G.K. Misra, C.J.
1. The only point urged by Mr. Mohantv in this writ application is that opposite party No. 4 held an office of profit under the Central Government and as such was disaualified for being elected or nominated as Sarpanch. Facts material to this contention mav only be narrated.
2. Nominations were invited from candidates intending to contest election to the office of Sarpanch for Mukundapur Grama Panchayat in the district of Cuttack. 13th of May, 1970 was fixed as the last date for filing nominations. The petitioner and opposite parties Nos. 4 to 6 filed nominations. The same were scrutinised on 13th of May, 1970. The petitioner opposed the nomination of opposite party No. 4 alleging that he was hold-ins an office of profit under the Central Government as a Sub-Postmaster in Mukundapur village post office. The objection was overruled and the nomination of opposite party No. 4 was accepted. Polling was done on 10th of June. 1970. On 13th of June, 1970 the Election Officer declared opposite party No. 4 to have been elected as Sarpanch. The writ application has been filed to set aside the election after declaring it to be void.
Opposite party No. 4 in his counter affidavit states that at the time of filing the nomination and election he was working as an extra-departmental agent in the branch post office in Mukundapur village and was getting an allowance of Rs. 53/- per month to work as an agent and that he had never been appointed to hold any office of profit as Sub-Postmaster.
3. The sole question for determination is whether a person working as an extra departmental agent in a branch post office on a monthly allowance holds an office of profit under the Central Government.
4. Section 25 (1) 00 of the Orissa Grama Panchavat Act, 1964 (hereinafter to be referred to as the Act) runs thus:
'25. (1) A person shall be disqualified for being elected or nominated as a Sarpanch or any other member of the Grama Panchavat constituted under this Act, if he --
X X X X X(h) holds any office of profit under the State or Central Government or any local authority;'
There is no controversy that an extra-departmental agent in a branch post office works under the Central Government. The only question is whether he holds any office of profit. The word 'profit' conveys the idea of pecuniary gain. If there is a gain, ordinarily its quantum or amount is immaterial.
5. To determine whether an office is one held under the Government, various tests have been laid down. They are (i) whether the Government makes the appointment; (ii) whether it has the right to remove or dismiss the servant: (iii) whether it pays the remuneration: and (iv) whether it exercises control over the work of the incumbent. In certain cases some of the indicia may be absent. The main test is whether the work is controlled by the Government and it has a voice in the removal or dismissal of the employee.
Judged by these tests, there is no escape from the conclusion that an extra-departmental agent in a branch post office holds an office of profit under the Central Government. Central Government appoints these agents. Their services are liable to be removed by the Government and their work is controlled by it.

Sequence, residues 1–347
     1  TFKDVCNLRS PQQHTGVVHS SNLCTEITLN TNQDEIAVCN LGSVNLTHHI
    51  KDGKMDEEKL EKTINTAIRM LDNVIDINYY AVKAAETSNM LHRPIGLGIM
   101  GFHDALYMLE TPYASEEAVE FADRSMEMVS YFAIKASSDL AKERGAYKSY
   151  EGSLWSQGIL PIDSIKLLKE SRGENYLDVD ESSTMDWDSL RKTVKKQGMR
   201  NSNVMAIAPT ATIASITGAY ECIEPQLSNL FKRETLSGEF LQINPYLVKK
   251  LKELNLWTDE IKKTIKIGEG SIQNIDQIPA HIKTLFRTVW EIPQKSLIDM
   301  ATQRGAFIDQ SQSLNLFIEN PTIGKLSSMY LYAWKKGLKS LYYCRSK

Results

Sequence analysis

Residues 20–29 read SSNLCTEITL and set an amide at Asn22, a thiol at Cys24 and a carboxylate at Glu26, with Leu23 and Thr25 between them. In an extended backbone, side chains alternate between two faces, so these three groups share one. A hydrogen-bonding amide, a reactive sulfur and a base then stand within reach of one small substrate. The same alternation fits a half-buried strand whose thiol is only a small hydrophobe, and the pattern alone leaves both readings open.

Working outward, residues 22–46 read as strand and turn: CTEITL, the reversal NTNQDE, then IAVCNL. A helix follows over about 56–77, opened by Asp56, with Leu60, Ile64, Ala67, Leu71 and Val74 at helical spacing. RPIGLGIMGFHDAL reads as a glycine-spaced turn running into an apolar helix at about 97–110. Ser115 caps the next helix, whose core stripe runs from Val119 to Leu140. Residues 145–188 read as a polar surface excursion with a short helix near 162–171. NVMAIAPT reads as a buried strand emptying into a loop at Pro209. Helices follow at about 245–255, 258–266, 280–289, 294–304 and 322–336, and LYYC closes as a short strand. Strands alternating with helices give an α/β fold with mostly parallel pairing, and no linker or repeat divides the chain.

In Venkataswamy v. Superintendent. Post Offices, Ganjam Division, AIR 1957 Orissa 112 a Bench of this Court held that an extra-departmental branch postmaster cannot be held to be a Government servant. This decision was held as laying down bad law in State of Assam v. Kanak Chandra Dutta (see para 13). AIR 1967 SC 884. The view that we have taken is fully supported by Cheddu Singh v. Monohar Singh, AIR 1964 All 179.
Opposite party No. 4 was holding an office of profit under the Central Government at the material time and was therefore disqualified for being elected or nominated as a Sarpanch.
6. Section 39 (1) (c) lays down that the Munsif shall declare the election of a returned candidate void, if he is of the opinion that any nomination paper has been improperly rejected or accepted. As has already been stated, the nomination paper of opposite party No. 4 was improperly accepted by the Election Officer as the former was holding an office of profit under the Central Government. If an election petition had been filed before the Munsif the election of opposite party No. 4 the returned candidate would have been declared void.
7. The only other question is whether this Court would exercise its jurisdiction under Articles 226 and 227 of the Constitution to declare the election void when the petitioner has not resorted to the alternative remedy of filing anelection petition before the Munsif having jurisdiction under Section 30 of the Act.
Law is now well settled that existence of an alternative remedy does not bar the jurisdiction of this Court to interfere in exercise of its power under Articles 226 and 227 of the Constitution. It merely touches the field of exercise, of discretion. In this case the question involved is one of cure law and it is not necessary to send the petitioner to go through the long process of canvassing the matter through an election petition.
In the result, the writ application is allowed. Election of opposite party No. 4 as Sarpanch of Mukundapur Grama Panchayat is declared void. In the circumstances, parties to bear their own costs.
8. I agree.